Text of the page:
Can I treat my dog’s hot spot at home without visiting a vet?
Maybe, depending on its severity. But first, you must be able to spot a hot spot, and identify the underlying cause.
A hot spot is a superficial skin infection that happens when normal skin bacteria overrun the skin’s defenses as a result of damage to its surface. This damage is most often started by a dog chewing, scratching, licking, and gnawing itself. In the first stages of a hot spot’s formation, the skin becomes moist, red, itchy, and infected. Pus begins to ooze from the traumatized skin as infection sets in. Then, the dried pus and damaged skin surface form a tightly adhered crust, and you’ll likely notice hair loss over the infection site. This can be a very painful process, so dogs will usually express discomfort when the area is touched.
Dogs are their own worst enemy when it comes to hot spots. The hot spots can arise surprisingly quickly; a few minutes of “work” can create an impressive area of self-inflicted trauma. The good news is that the spots almost always look worse than they actually are, and infection is usually superficial — often resolving with topical treatment alone.
So, what causes our dogs to chew and lick themselves in the first place? Anything that irritates the skin, causing the dog to chew or scratch at the site, can cause a hot spot. Insect bites (fleas, flies), skin allergies, excess skin-surface moisture, dogs with heavy or dense hair coats, matted hair, saliva accumulation under the fur (think of the pet that’s always licking its feet), skin scrapes, or excessive humidity in the environment can all cause a hot spot to develop.
Veterinary care may be necessary, as the location of the hot spots may help your veterinarian determine the underlying cause of the problem. For example, a hot spot over the hip area could indicate flea infestation, hip arthritis, or an anal gland infection. Similarly, a hot spot near an ear could indicate an ear problem, an allergy, or a dental or nerve irritation.
If the hot spot is small, non-painful, recognized early, and uncomplicated, you may be able to begin treatment at home with over-the-counter products. An array of topical sprays, medicated shampoos, and herbal therapies are available — too expansive a list to include here. The important thing is to ensure that you use a pet-safe product. Call your veterinarian and ask if your choice seems reasonable. Don’t use topical products made for humans, as these may be toxic to pets when licked and ingested. For example, zinc oxide can be toxic to a dog when ingested, and it’s a common carrier in many human skin ointments. That said, here are the basics of home hot spot treatment:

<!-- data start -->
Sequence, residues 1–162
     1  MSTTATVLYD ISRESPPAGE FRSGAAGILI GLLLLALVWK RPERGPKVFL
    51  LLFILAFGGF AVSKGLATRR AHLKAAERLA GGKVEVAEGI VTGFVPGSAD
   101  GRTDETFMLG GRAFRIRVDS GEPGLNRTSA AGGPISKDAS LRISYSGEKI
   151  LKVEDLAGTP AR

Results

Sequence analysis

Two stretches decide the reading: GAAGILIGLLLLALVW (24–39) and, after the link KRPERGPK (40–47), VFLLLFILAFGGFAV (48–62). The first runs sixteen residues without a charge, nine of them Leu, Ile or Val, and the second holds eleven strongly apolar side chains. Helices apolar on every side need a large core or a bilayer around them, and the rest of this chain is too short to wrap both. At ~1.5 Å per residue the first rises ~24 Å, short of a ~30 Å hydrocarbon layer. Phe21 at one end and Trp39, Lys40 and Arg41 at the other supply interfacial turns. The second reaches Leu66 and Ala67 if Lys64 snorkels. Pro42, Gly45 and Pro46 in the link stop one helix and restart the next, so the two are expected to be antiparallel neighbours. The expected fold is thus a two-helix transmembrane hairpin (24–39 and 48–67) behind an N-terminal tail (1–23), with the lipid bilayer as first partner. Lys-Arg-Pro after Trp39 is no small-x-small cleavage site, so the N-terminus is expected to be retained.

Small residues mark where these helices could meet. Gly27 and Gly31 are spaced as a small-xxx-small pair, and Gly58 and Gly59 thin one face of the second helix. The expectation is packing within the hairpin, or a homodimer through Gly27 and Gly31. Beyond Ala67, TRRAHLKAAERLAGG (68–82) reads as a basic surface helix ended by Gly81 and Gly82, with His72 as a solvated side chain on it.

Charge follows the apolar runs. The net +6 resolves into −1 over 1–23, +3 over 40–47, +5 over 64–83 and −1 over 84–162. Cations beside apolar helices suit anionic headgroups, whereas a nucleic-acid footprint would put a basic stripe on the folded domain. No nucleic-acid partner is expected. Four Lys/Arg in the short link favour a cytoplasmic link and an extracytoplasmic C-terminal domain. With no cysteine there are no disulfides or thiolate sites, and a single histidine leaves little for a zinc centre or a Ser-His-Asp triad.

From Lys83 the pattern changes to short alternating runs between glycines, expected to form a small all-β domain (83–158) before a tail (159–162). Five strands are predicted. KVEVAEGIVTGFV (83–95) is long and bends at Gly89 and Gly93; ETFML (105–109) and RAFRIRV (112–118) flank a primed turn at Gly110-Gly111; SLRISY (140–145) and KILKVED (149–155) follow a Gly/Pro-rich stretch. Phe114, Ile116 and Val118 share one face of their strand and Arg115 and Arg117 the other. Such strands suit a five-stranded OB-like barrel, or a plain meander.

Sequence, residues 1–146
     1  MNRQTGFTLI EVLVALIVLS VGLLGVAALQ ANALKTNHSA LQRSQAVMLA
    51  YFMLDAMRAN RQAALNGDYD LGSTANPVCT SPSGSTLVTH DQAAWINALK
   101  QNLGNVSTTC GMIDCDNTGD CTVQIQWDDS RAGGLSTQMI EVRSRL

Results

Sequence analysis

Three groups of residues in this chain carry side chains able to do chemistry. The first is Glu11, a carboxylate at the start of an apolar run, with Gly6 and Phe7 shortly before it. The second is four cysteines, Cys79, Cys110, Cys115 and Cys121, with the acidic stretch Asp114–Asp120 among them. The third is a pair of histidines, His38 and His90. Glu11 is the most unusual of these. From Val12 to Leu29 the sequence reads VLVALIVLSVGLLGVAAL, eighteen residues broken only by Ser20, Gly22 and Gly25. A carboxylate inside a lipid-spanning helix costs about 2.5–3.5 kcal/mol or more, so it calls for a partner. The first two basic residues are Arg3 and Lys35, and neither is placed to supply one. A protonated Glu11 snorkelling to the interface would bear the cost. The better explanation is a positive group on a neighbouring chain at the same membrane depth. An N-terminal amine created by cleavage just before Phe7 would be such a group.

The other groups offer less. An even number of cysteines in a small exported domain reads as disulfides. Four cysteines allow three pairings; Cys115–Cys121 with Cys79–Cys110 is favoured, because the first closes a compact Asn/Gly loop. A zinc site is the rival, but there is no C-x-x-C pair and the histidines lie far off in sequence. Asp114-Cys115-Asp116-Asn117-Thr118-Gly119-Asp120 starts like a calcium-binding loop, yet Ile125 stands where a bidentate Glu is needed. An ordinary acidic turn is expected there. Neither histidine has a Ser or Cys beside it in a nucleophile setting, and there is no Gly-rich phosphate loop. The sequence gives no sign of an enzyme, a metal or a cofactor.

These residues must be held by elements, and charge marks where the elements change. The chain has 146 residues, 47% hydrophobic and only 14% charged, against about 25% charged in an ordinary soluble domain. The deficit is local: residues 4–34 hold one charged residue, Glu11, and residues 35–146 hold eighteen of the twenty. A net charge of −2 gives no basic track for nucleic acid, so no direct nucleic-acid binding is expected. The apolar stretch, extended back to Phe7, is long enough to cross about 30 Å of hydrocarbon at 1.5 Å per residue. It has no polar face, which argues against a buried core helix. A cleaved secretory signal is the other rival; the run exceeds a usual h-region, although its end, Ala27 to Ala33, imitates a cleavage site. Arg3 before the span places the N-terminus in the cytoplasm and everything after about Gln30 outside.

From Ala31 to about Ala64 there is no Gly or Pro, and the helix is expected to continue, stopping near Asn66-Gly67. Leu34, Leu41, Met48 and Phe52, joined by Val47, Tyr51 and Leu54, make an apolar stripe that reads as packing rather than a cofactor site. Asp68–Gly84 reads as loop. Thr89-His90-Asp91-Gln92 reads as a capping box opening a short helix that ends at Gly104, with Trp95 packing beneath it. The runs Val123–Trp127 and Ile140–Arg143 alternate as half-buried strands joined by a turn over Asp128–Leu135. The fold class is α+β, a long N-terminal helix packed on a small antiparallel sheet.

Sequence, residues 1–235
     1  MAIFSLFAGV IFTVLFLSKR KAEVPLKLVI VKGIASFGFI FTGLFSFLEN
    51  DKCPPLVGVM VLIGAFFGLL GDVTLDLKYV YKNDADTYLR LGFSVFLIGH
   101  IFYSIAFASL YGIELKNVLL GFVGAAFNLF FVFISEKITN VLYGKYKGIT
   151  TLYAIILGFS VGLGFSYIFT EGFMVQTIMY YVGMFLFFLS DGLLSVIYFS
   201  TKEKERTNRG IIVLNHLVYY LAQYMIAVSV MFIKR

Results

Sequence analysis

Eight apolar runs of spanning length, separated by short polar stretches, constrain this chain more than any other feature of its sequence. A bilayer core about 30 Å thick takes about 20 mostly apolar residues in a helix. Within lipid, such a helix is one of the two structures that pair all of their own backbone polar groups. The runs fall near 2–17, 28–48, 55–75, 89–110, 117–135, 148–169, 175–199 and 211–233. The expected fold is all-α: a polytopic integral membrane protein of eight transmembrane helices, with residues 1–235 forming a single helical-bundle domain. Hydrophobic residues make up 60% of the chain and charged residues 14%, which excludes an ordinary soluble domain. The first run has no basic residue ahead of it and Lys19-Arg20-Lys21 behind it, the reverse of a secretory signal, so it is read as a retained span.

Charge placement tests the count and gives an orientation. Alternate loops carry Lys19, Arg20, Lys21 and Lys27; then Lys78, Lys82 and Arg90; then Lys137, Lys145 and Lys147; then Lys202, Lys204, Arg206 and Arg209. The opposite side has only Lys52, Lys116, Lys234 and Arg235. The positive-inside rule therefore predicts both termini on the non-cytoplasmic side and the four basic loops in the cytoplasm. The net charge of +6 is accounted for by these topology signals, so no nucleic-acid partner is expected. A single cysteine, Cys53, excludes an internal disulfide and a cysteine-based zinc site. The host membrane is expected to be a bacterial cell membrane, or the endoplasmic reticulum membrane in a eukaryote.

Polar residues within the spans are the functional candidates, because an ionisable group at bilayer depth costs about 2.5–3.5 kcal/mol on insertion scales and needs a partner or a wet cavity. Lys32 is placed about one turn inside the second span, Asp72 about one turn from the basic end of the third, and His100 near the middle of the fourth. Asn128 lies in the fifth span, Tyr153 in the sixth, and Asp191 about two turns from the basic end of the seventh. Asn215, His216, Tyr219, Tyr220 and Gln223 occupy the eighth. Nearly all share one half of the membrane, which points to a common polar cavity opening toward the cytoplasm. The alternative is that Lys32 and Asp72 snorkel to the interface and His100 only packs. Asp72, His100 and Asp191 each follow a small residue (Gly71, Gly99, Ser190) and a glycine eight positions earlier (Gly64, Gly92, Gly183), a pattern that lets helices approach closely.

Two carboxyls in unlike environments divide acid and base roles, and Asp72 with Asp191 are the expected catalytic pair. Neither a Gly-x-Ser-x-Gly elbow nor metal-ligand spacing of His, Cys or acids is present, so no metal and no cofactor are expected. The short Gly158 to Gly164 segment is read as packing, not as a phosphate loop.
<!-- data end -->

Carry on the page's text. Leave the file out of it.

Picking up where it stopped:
If the area is small and non-painful, carefully and gently clip the fur that’s covering the area — this will allow air and medication to reach the wound. Use approved grooming clippers, not scissors! I see many “accidental lacerations” in the ER because of this.
Keep your pet from licking the area. How? You guessed it: Get out that cone of shame.
Apply a warm, moist compress to the area three times daily for 5 to 10 minutes to keep the area clean, to calm the tissues, and to encourage good circulation. Allow the area to dry fully before applying anything topically.
Use only pet-safe, veterinary-approved, over-the-counter treatments. As always, it’s best to consult with your veterinarian prior to starting any home hot spot treatment.
Don’t place any bandages or wraps over the area — the wound should be able to “breathe.”
Alleviate the itching or irritation that prompted the hot spot in the first place — get to the bottom of the source, or else you’ll be faced with a losing battle.
You can also work to prevent hot spots. One method of dog hot spot prevention I can’t stress enough is appropriate flea control! Good flea control is important for any itchy pet, and it’s the foundation of itch prevention. Otherwise: In hot, humid weather, thoroughly dry your dog after bathing or swimming. Make sure your dog is groomed regularly. Keep boredom and stress at bay by providing adequate exercise and opportunities for mental stimulation and play. And, finally, introduce essential fatty acids into your pet’s diet to help it keep a healthy coat.
About 30 percent of the pets that develop hot spots actually have some other kind of skin disease, such as a deeper infection, a bite wound, or even an immune-mediated disease. If you have any concerns, have your vet assess them.
Another time that veterinary intervention is necessary is when a dog’s hot spot becomes so big and painful that it requires sedation for proper clipping and cleaning.
An additional potential concern is a hot spot accompanied by a deeper skin infection, which could require more extensive therapy, such as oral pain medications, oral anti-inflammatory medications, and oral antibiotics. The treatment your veterinarian chooses will depend on how bad the problem is, how much pain your dog is in, how long the problem has been going on, and whether the problem is a recurring one. Some dogs may get one or two hot spots and then never get another one again (lucky pups!), while some may have frequent recurrences.
Hopefully this information will help take some of the heat off your dog’s hot spots. When in doubt, seek out a vet.